When you first dreamed about starting your business, you might have imagined growing your customer base until you were processing orders all day long. You enjoyed the thought of making your products and getting them out to the people who loved them, but then you were faced with the reality of shipping.
Businesses deal with shipping costs every day, but they’re not always easy to plan for. New businessowners easily find themselves with expensive charges they weren’t prepared for when it’s time to ship an order.
Read on to learn about understanding hidden shipping costs so you can prepare your business budget. Once you know what to look out for, paying for shipping will be a breeze.
1. Express Delivery Fees Skyrocket
A customer placed an order and wants your product on their doorstep as soon as possible. You want to give them express delivery options that work with their schedule, but are they suitable for your budget?
Express delivery estimates don’t have to follow the same pricing guidelines. Standard delivery may cost five dollars and get there in 14 days or less. The next step up, express delivery, could cost $12 and arrive in 10 days or less. It depends on who you ship with. Make sure you know the cost for each option before offering shipping methods to your customers.
2. Calculate Packaging Fees
Don’t forget that every order needs packaging supplies. You’ll need to pay for the boxes, tape and supplies like packing peanuts so your orders arrive safely. When a business is just starting, this may not cost much. Expect to pay much more when orders come in more frequently, especially if you aren’t able to order supplies in bulk.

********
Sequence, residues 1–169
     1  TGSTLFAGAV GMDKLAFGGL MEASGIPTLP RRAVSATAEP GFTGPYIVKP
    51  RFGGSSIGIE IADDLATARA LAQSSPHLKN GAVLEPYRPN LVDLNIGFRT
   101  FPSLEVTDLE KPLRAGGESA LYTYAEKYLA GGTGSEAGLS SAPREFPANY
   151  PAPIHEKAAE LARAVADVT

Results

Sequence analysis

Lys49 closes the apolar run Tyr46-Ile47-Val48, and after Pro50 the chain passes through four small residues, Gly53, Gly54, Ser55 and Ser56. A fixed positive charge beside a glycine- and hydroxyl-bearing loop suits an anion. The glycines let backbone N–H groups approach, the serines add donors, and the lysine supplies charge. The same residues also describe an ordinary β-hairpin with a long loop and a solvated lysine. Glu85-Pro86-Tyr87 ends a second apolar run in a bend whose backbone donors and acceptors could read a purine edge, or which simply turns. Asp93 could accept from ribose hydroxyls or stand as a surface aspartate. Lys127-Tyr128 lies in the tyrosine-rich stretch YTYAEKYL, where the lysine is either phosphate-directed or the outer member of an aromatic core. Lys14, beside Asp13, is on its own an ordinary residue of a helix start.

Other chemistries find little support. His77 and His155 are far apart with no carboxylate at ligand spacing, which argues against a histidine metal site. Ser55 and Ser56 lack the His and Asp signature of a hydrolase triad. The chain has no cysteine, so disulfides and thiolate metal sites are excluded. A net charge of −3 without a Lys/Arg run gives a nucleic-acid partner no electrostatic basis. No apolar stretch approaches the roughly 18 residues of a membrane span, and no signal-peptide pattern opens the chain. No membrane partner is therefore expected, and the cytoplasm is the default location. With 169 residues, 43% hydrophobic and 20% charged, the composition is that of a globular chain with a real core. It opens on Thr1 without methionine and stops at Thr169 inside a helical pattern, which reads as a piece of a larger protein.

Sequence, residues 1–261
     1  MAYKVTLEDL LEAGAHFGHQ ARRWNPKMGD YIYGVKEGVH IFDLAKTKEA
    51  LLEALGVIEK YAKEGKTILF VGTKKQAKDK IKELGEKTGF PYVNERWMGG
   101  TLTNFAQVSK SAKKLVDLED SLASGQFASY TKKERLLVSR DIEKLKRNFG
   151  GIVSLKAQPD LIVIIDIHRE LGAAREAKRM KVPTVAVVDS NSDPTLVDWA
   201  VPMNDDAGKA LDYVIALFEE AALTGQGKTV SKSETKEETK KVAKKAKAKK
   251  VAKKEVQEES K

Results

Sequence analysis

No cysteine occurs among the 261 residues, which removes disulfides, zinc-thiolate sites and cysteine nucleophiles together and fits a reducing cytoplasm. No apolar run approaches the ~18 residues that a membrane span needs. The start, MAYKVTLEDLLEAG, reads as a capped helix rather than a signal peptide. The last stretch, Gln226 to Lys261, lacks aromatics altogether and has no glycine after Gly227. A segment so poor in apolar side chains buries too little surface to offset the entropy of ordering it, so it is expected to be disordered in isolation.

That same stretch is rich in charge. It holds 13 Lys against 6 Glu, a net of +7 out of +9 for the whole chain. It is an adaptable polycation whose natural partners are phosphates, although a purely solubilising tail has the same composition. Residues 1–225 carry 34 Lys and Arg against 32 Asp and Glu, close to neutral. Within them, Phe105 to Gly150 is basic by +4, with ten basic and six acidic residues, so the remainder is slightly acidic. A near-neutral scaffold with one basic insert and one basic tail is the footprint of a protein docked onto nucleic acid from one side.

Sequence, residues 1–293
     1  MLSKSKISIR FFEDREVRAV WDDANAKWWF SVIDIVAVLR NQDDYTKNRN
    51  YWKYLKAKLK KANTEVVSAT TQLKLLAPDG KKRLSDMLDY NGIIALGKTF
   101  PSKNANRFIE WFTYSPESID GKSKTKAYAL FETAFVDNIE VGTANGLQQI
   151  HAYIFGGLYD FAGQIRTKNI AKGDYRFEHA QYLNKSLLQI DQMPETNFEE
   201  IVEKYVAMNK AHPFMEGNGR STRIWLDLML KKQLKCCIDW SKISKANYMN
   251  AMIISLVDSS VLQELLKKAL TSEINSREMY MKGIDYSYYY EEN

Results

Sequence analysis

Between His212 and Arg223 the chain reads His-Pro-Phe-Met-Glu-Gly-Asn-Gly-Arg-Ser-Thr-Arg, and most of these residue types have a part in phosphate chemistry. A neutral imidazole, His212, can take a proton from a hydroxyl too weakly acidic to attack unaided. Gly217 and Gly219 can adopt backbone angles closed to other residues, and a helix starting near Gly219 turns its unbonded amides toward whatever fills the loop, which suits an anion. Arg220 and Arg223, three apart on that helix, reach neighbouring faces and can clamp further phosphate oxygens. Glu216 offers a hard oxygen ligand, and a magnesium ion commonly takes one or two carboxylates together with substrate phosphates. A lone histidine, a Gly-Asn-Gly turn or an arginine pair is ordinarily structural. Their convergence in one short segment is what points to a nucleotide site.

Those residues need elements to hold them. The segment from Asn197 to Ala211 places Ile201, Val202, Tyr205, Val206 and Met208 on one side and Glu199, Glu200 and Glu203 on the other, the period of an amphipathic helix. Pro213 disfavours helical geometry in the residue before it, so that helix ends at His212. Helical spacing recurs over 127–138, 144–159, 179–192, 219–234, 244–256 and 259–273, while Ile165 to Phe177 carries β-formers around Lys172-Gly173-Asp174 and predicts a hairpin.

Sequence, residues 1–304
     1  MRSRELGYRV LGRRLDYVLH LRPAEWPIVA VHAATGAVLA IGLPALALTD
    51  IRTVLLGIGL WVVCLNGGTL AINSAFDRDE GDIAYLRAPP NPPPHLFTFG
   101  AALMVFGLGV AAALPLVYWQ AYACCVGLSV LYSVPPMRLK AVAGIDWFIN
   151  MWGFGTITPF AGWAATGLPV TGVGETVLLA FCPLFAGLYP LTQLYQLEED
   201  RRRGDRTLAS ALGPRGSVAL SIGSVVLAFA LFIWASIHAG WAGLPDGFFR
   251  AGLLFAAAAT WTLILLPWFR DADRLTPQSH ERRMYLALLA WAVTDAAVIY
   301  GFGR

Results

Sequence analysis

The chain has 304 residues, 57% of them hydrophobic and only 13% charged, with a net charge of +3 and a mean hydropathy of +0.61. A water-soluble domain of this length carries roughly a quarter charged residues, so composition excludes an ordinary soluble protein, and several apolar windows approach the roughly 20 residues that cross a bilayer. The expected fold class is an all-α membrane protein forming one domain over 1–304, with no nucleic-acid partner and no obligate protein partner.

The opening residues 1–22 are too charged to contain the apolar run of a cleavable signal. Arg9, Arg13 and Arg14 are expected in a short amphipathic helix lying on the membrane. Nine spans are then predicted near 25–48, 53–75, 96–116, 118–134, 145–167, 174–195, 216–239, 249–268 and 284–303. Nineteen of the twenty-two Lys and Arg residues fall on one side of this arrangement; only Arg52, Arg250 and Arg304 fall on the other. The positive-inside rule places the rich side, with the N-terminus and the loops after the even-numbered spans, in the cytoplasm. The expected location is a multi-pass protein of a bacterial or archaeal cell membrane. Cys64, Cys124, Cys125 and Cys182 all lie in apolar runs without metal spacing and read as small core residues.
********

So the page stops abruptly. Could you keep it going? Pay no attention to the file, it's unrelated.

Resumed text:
3. Print Your Labels With Care
There’s also the fee for printing your shipping labels. Unless you invest in the right printer for your business, you should compare label printing costs to find the best option. Remember that you’ll need to drive and pick up the labels as well, which ends up costing you gas money if you don’t pay for delivery.
4. Know Your Landing Cost
Every business owner needs to learn about landed cost and what it entails. It’s the price you’ll pay to get your product from your supplier to the customer who ordered it, so it includes many features. There are freight and shipping costs, like packaging fees, as well as exchange rates, storage fees and even risk-related charges. What you pay depends on your supplier, insurance provider and other factors specific to your business.
5. Read Tax and Duty-Related Charges
As your business grows, you’ll need to think about tax and duty-related charges for new international customers. When you pay these charges, you pay upfront when you ship, so you should know what it will cost at the time of shipping. The different fees are listed separately on your receipt so you can use them to predict future charges on other orders.
Do Your Research
Shipping companies and suppliers aren’t in the business to surprise you. Research who you ship with and find out what they charge. You can also call them once you have a specific order in mind as well, so always remember to do your research and ask for help when you need it.